Members Request $2 Dues Increase!
It’s already February, football is no more and where has the time gone? This year started off in a hurry with several pressing issues. One of those was pension reform. Most of you should have noticed that your first-quarter PORAC dues invoice contained a $2-per-member-per-month dues increase. This was a direct result of the dues increase proposed and adopted by PORAC members from the floor during the 2014 Conference of Members. This two-year, $2 dues increase has a caveat that the monies be sequestered and used to fight any issues dealing with pension reform — and we know Chuck Reed is working diligently to bring forth another pension reform initiative in 2016.
I hope that everyone will embrace this dues increase, since we know we are going to face another pension attack. While it takes affirmative action to opt out of the increase, I hope that if your association does opt out, they will consider an alternative contribution method, such as using PIC funds. While in Sacramento in January for the Executive Committee meeting, I was informed by Kim, our accountant, that we have received numerous personal checks from RAM members wanting to do their part and contribute toward the fight against pension reform. The proposed bylaw only affects active members; however, retirees realize that any attack on our pensions can easily translate into affecting retirees. I want to express my gratitude to all RAM members who have taken an active role in combating pension reform.
Speaking of pension attacks, we have divested our interests in Franklin Templeton after receiving a request from our members in Stockton. Franklin Templeton is another example of how relentless an organization can be in trying to recover funds from an unsecured business loan. It filed a lawsuit against Stockton to recover its money while the City was in bankruptcy proceedings. However, the lawsuit was geared against CalPERS and its protected status as a creditor. As a result, the bankruptcy judge made a preliminary ruling that CalPERS was not a protected creditor. This preliminary ruling has opened the gates for future litigation, along with cities and counties looking at insolvency as a means to negate their retirement agreements.
Let me shift gears from retirement to another important matter for the coming year: As your association’s board gears up for 2015 by preparing meeting calendars and establishing new goals and resolutions, keep in mind your PORAC chapter meetings. Chapter meetings are a vital resource in networking with your neighboring POAs or DSAs. As association presidents and boards are filling appointments for 2015, please consider creating a PORAC chapter liaison position.
Your PORAC chapter liaison does not necessarily have to be a board member; however, it does help. Your liaison can also be an aspiring board member who is active within your POA or DSA. Remember, your appointee is going to represent your POA or DSA at the chapter level, so you want someone who has the authority to share pertinent information about your association. This is where “the rubber meets the road” as it comes to networking and information sharing. I have had the pleasure of witnessing new attendees at my chapter meetings who realize that their perils are currently or at some point were shared by other associations at the table. This is why having a chapter liaison is extremely important. In law enforcement, we are masters of not reinventing the wheel, and chapter meetings are that resource to help your association. It may be as simple as creating or updating your bylaws, or dealing with a current issue or concerns within your association, or as intricate as navigating the negotiations or concession currents.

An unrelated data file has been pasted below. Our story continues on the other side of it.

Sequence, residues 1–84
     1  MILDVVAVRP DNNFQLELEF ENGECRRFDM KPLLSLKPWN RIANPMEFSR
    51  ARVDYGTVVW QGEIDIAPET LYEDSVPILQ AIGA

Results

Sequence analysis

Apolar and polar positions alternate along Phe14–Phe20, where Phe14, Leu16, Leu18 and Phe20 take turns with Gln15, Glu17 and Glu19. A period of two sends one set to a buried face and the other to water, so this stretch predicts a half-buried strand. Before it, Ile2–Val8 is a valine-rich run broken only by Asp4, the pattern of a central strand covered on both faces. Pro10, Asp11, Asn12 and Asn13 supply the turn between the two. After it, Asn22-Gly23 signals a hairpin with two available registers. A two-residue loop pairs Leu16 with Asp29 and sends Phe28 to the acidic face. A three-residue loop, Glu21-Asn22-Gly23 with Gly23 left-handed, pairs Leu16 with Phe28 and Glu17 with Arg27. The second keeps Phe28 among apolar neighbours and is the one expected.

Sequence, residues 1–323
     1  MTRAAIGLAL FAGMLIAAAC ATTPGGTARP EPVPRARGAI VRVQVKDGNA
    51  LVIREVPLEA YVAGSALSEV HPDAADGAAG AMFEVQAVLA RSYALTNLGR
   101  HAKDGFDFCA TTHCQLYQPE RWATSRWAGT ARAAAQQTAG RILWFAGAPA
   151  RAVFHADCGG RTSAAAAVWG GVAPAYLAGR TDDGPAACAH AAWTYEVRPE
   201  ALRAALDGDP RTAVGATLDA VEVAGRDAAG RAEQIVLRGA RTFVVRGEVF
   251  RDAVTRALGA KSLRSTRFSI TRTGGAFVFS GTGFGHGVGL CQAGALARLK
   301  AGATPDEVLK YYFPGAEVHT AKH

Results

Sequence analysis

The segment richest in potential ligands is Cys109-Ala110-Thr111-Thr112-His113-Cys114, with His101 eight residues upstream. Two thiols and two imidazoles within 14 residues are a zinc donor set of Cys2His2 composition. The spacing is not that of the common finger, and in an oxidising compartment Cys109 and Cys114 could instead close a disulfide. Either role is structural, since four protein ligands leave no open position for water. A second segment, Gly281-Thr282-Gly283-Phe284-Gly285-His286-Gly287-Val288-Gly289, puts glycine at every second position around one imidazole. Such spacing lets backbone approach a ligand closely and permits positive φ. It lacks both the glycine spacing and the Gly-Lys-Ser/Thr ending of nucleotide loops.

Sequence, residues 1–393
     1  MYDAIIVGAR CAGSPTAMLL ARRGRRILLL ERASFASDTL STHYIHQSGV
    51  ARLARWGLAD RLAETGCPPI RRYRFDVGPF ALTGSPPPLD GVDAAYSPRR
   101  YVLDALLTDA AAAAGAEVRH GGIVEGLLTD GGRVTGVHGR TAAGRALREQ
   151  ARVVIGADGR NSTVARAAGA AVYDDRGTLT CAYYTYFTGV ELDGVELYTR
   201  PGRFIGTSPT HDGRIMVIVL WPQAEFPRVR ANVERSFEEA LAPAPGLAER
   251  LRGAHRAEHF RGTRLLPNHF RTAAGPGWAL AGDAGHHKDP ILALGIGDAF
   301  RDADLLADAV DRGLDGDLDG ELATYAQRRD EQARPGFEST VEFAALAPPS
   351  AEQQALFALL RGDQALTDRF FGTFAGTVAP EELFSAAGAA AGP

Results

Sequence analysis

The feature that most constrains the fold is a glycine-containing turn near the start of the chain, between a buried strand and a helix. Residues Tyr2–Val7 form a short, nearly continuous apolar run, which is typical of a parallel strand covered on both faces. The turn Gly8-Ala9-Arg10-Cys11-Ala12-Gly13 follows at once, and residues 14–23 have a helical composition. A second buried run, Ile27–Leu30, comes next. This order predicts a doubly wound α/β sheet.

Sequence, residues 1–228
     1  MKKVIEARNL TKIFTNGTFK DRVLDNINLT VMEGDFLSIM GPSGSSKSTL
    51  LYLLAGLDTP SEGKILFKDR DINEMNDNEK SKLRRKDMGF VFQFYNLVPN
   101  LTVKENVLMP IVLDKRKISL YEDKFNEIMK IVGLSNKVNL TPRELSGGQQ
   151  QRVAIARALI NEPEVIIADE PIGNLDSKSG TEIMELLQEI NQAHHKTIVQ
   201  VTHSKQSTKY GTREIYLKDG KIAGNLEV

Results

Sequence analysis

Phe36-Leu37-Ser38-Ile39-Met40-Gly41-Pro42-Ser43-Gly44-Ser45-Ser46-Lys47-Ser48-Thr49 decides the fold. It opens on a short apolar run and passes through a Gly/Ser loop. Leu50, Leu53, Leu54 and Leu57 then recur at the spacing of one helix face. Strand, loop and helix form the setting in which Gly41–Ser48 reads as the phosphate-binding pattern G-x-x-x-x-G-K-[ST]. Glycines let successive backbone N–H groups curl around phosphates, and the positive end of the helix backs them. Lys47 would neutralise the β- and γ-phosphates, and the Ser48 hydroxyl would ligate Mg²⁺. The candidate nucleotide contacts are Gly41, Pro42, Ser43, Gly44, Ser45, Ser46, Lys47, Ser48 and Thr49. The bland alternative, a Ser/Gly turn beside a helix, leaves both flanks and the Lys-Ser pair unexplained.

Last year on a few occasions, I was approached by associations seeking assistance from PORAC with issues affecting their members. My first question to them was always “Did you attend your last chapter meeting?” Inevitably, their response was “We don’t have the time,” or “Why do I need to attend PORAC meetings to seek guidance from PORAC?” The answer is that you don’t have to attend the meetings to get assistance; however, 80 to 90% of the time, there is another member present at the table who has — or knows other members who have — experienced what you are dealing with and has invaluable insight on how to assist you.
Visit www.porac.org and click “Calendar” on the left side of the Web page. The PORAC Calendar should contain your chapter meeting information. If your chapter information is not there, send me an email at email@example.com and I will research it for you. See you at the chapter meeting!
Be safe and have fun.